As night fell, sheep roamed and women searched the rubble and rescued what they could. Padshah Gul, 30, stood outside what was left of his home in the crisp night air, trying to gauge the magnitude of his personal tragedy. All of the family’s possessions – pots, kettles, utensils – were still buried.
“We must stay here, winter or spring,” he said, pointing to the makeshift tent. Still, he said, he felt lucky to be alive.
Back at the Paktika public hospital in Sharana on Thursday, survivors described horrific scenes of crumbling buildings, fearful cries for help and bodies scattered across a desolate moonscape.
Like Hawa, many of those survivors faced a bleak future. Only two of her six children survived the earthquake. Her three sons and a daughter died, along with 17 other relatives.
“I’ve lost everything, my whole world, my whole family, I have no hope for the future,” she said. “I wish I had lost everything, that we had all died, because there is no one to look after us, to find us money or food now.”
Speaking about the hours she spent in her collapsed house, she said she could barely feel the chest of her 1-year-old daughter, Safia, moving under her left hand. Her other daughter cried weakly and asked for water. When she looked at where her sons had slept next to her, all she saw was rubble.
She lay there for five hours, trying to protect Safia from the crushing weight, hoping to keep her alive. Through clouds of dust and darkness, she could see her father trying desperately but unable to drag away debris.
Finally, as daylight broke and rain fell on what remained of the city, residents of nearby villages began streaming in to attempt a rescue, and Hawa and Safia were freed from the wreckage.
They were among the 70 to 80 survivors taken to hospital on Wednesday, said Dr. Hikmatullah Esmat, the Public Health Director of Paktika Province.
In another corner of the hospital ward, Gulpar Khan, 60, stood silently looking at an injured cousin he’d brought in from Dangal Regab the day before.
When the earthquake hit, the ceiling of his house collapsed around him, he said. He and his 20-year-old son, Spin Wali, managed to fight their way out of the rubble, but he heard his brother calling for help from the next room.
Mr Khan said he yelled at his son to get help. But when his son looked out through what had been their front door, he said the entire village had been destroyed. Nearly every house had collapsed and the air was filled with a chorus of his neighbors screaming for help.
“It was like a scene from a movie,” he said. “I could never have imagined such a thing in the village.”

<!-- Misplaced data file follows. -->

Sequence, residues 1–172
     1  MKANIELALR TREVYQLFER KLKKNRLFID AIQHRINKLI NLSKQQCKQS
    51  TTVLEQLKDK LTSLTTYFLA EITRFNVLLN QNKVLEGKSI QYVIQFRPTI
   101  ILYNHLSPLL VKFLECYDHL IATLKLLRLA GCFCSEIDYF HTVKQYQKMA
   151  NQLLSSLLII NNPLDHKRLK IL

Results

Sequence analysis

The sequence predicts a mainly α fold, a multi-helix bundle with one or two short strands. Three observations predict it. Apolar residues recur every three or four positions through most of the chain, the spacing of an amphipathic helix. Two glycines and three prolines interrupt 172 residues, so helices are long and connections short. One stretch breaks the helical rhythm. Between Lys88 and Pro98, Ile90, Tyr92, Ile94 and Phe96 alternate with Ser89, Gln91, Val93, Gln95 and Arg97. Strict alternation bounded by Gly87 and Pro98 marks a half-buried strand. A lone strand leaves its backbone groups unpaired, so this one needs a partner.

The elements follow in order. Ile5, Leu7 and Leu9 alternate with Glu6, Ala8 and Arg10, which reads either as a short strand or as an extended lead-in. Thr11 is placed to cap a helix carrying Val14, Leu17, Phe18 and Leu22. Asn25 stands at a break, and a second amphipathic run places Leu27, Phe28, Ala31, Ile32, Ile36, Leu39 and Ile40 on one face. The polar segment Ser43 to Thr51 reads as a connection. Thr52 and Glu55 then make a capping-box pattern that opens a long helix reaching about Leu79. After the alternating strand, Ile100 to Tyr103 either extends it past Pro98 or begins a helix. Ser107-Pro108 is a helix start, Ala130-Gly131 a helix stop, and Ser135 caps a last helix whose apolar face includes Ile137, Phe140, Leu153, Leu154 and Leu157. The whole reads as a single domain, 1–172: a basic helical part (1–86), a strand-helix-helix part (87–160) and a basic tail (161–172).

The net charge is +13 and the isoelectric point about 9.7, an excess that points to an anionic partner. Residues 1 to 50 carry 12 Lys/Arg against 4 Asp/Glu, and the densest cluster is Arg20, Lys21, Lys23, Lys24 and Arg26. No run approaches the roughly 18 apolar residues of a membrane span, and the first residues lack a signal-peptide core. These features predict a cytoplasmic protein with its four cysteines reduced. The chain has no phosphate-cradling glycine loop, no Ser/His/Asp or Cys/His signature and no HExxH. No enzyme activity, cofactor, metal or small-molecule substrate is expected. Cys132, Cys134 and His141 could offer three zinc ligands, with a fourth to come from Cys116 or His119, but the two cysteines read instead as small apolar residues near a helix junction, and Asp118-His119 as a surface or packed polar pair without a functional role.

Mr Khan climbed to where he heard his brother’s voice and tried to peel away pieces of what had been their home when the rain poured down on them. His son yelled at him that it wasn’t safe to be in that room, but he wasn’t listening, he said.
His brother survived. But 11 of his relatives – including his wife, five other sons and an uncle – were killed.
“I’ve never experienced anything like this in all my life,” he said.
In the men’s ward, Abdul Hanan, 70, who had brought in some injured relatives, sat on a bed in the corner and quietly stared at his hands. He had escaped death by deciding to stay overnight while visiting relatives in a neighboring village. He was sleeping Wednesday night when he heard a loud rumble and the walls began to shake, he said.
He and his relatives ran out of the house, he said, but the damage was somewhat limited and they were able to go back in and sleep until dawn.
It wasn’t until he began the one-hour walk back to his own home around 8 a.m. that he began to suspect the looming disaster.
The imam at a nearby mosque made an urgent appeal for help in neighboring villages – including his own.
When he rushed home, he found his house completely destroyed and four of his relatives sat under a tree in their yard, their clothes soaked with blood. The other 17 family members living with him were found dead under the rubble.
“Now there is nothing, our houses are destroyed, we have nothing to eat, nothing to drink, nothing,” he said, gently wiping his tears.
“We were glad the war was over,” he added. “We didn’t expect such destruction to happen.”
Christina Goldbaum and Safiullah Padshah reported from Sharana and Azor Kalai, in Afghanistan, and Kyle Crichton from Bondville, Vt. Michael Crowley contributed to coverage from Washington.